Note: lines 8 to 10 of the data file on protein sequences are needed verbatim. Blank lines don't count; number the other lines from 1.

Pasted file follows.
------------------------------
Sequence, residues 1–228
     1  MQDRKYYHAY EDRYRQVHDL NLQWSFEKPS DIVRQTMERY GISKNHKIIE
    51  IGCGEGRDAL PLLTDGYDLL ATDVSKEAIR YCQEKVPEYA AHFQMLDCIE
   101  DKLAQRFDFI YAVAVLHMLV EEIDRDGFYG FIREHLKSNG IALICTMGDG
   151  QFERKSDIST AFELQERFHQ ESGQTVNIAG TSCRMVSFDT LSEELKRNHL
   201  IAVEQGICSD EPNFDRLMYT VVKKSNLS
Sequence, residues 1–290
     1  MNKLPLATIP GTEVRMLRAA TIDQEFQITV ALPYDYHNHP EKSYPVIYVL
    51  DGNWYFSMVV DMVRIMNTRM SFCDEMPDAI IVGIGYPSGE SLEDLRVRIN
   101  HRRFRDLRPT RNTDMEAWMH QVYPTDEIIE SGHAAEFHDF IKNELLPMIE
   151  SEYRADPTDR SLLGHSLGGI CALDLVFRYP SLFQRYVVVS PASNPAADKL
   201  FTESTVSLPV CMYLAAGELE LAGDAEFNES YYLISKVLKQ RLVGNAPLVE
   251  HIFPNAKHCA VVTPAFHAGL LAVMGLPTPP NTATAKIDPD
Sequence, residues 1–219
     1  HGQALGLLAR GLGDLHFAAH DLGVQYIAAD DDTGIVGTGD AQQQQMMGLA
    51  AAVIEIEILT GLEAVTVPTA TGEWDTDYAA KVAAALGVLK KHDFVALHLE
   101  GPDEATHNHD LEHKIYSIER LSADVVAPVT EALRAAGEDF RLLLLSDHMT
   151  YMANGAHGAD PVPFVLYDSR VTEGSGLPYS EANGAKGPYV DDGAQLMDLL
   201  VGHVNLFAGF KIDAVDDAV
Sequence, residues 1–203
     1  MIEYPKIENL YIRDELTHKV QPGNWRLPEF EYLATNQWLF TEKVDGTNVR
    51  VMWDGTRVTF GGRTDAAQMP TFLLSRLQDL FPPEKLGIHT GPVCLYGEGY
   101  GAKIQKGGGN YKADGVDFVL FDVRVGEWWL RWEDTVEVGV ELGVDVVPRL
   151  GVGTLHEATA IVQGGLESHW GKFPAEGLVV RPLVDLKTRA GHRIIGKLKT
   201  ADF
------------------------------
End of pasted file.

     1  MNKLPLATIP GTEVRMLRAA TIDQEFQITV ALPYDYHNHP EKSYPVIYVL
    51  DGNWYFSMVV DMVRIMNTRM SFCDEMPDAI IVGIGYPSGE SLEDLRVRIN
   101  HRRFRDLRPT RNTDMEAWMH QVYPTDEIIE SGHAAEFHDF IKNELLPMIE